On the walk back, a man working construction smiling and excited standing beside a large truck said “Picture! Picture!” I stopped, took a picture and showed it to him. A smile from ear to ear gave me a thumbs up and his buddies started ribbing him.

I got on the bus early rather than stand in the parking lot for the last half hour. An older man drove up as I was getting to the truck, stopped beside the ticket office, got out and purchased tickets. He’s obviously done that before. The car came through the buses and stopped by my bus. A woman got out and three young children. A young girl of maybe 13 was helping with two gorgeous brown eyed, black haired boys about 2.

I took my seat and got out my book. The woman and children were seated across from me. Bags stashed above, the man left and came back with a basket that looked like supplies for the boys, bottles, snacks, etc. They looked like twinc.

Pappa or Grandpa, I couldn’t be certain. But his affection for the family was clear. He gently touched the faces of the woman and girl. Then the young boys, one at a time, took his hand, brought it to their lips and kissed it. Very touching moment.

During the ride, something fell out of the bag in the overhead bin. She attempted to stash it in her pile but I offered to put it back up more securely. The boy sitting on her lap couldn’t take his eyes of me. She was trying to get him to sleep. I looked over and saw one eye closed, the other looking at me.

When he was awake, he was staring at me. I’d wave and he’d nod his head. Finally he fell asleep and all four of them then slept together in their two seats. I woke and saw a sign for Semporna so started putting my things back in the pack. The young boy woke, his mom grabbed his hat and cool sunglasses. He then saw me put something away and excitedly shouted, “Good Bye! Good Bye! Good Bye!”, before rattling of something in Malaysian that had everyone around me laughing.

I got the bags from overhead and said good bye. They left the bus, and I walked into a field of operators wanting to know if I had reservations already and pushing brochures in my face.

After walking away, putting my packs down so I could get them on properly, and then asking a few questions, I asked directions for where town was. I started off and noticed the family standing just a few feet away. The little boy’s face lit up when he saw me. Spontaneously, out of habit, I reached down to shake his hand.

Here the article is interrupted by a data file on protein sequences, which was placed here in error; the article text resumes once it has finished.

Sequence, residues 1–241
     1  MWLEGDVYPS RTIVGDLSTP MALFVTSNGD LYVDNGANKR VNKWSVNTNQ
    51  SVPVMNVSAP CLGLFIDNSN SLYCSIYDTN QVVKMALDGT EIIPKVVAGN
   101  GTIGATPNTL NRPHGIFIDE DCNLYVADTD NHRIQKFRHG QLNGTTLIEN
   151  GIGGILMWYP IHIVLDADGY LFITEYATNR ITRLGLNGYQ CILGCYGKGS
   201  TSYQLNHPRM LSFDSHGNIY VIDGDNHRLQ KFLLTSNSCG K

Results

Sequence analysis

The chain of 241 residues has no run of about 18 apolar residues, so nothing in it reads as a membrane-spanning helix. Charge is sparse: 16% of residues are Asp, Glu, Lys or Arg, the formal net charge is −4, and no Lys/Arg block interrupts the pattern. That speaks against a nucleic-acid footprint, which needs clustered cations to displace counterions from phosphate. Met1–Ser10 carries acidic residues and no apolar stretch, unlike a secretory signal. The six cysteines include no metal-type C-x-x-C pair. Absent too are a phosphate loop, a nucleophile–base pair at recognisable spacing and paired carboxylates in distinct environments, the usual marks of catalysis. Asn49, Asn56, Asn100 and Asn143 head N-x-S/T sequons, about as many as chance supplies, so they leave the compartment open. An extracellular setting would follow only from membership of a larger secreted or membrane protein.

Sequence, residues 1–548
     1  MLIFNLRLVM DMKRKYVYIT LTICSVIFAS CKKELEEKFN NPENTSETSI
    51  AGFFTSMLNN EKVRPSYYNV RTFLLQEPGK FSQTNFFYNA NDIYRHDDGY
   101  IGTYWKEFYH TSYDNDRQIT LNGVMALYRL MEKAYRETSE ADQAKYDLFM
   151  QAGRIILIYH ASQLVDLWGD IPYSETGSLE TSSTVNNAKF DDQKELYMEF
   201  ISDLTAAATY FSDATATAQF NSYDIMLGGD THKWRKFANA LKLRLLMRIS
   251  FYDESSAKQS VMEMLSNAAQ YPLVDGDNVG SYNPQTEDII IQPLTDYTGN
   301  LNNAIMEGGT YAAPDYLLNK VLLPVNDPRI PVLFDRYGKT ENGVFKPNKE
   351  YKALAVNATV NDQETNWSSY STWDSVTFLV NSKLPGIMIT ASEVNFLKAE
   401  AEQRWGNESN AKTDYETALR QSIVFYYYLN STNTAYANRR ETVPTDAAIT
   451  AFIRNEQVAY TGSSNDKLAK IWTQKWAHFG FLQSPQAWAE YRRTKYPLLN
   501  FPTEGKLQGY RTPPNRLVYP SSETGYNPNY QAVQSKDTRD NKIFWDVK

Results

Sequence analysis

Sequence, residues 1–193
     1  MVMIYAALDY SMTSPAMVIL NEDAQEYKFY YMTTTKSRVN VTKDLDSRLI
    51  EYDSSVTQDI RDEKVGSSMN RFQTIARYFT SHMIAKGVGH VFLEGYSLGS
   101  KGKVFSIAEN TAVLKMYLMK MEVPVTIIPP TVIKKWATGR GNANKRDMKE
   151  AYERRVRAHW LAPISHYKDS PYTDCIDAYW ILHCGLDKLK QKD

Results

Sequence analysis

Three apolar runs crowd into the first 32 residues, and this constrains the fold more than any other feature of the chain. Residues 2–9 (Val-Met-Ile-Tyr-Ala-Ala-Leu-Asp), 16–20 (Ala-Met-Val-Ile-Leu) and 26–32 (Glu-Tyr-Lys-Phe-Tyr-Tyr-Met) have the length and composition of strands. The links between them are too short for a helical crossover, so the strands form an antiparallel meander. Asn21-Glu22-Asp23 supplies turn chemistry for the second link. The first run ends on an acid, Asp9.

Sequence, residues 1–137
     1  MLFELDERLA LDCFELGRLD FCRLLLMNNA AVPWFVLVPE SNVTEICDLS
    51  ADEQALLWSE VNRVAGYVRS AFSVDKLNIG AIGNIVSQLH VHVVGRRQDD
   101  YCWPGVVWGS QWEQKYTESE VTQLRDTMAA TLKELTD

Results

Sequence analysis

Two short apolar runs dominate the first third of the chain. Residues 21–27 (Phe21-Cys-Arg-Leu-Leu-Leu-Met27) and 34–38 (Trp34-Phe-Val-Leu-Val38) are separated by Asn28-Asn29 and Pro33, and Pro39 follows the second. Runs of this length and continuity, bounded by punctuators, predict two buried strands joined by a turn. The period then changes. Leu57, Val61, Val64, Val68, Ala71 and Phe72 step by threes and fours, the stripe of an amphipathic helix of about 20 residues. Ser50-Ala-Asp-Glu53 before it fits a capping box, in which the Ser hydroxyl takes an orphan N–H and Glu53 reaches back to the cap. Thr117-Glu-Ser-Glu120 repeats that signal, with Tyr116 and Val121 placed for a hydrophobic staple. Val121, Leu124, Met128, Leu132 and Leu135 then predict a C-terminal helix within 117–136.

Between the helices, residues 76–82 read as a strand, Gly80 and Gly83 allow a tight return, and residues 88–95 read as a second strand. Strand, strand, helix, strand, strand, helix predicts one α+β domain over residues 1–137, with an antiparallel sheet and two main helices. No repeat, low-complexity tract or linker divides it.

He took my hand, raised it to his lips and kissed the back of my hand. His brother did the same. Feeling very honored, I walked on toward town.

At the fish market, a coupe men asked me to take their picture. At the bus station, an man shouted at me from across the street (the one in the black t-shirt) PICTURE! Boys here make money by hanging around the markets and carrying people’s things in wheel barrows. When not used for hauling, they are convenient for napping. There are a few photo’s of that.

I found lunch at the Dragon Inn. The views were spectacular but the food only average, the price spectacular. After my daily second shower, I wandered down the street and found a restaurant that served roti. The owner was very excited and helpful. OH MY GOD, dipping chicken and vegetable roti in a fresh curry sauce, amazing. And less than a third of my mediocre lunch for everything! He makes his own Masala Tea, let me know he opens at 6:00 am so I can come before going snorkeling. I’ll visit tomorrow.

I’ve only been in Borneo for 11 days and was prepared to spend weeks here. I didn’t find it the kind of place I could spent weeks in! But now I know since I’ve had first hand experience. My friends are staying on Mabul where I’ll be snorkeling tomorrow so I may see them once more.

Then, I’ll head for the border at Tawau and start my journey into Indonesia. From the few things I’ve read, it sounds unmistakeable when you pass into Indonesia. Schedules, road conditions, immigration, travel, etc. are very disorganized compared to things here.

Not knowing just how long it might take me to get around, I’m considering an early morning mini-bus to Tawau at the border and going straight away to customs and the ferry terminal. It looks like it’s possible for me to take one ferry for three hours instead of having to catch two different ferries with scheduled that don’t sync. It looked like I would have to take one to Nunukan, then another on to Tarakan. Now, it looks like there are two a day that go all the way to Tarakan.

Once I start that leg of the journey, it may be a writing blackout for a few days. Stay tuned!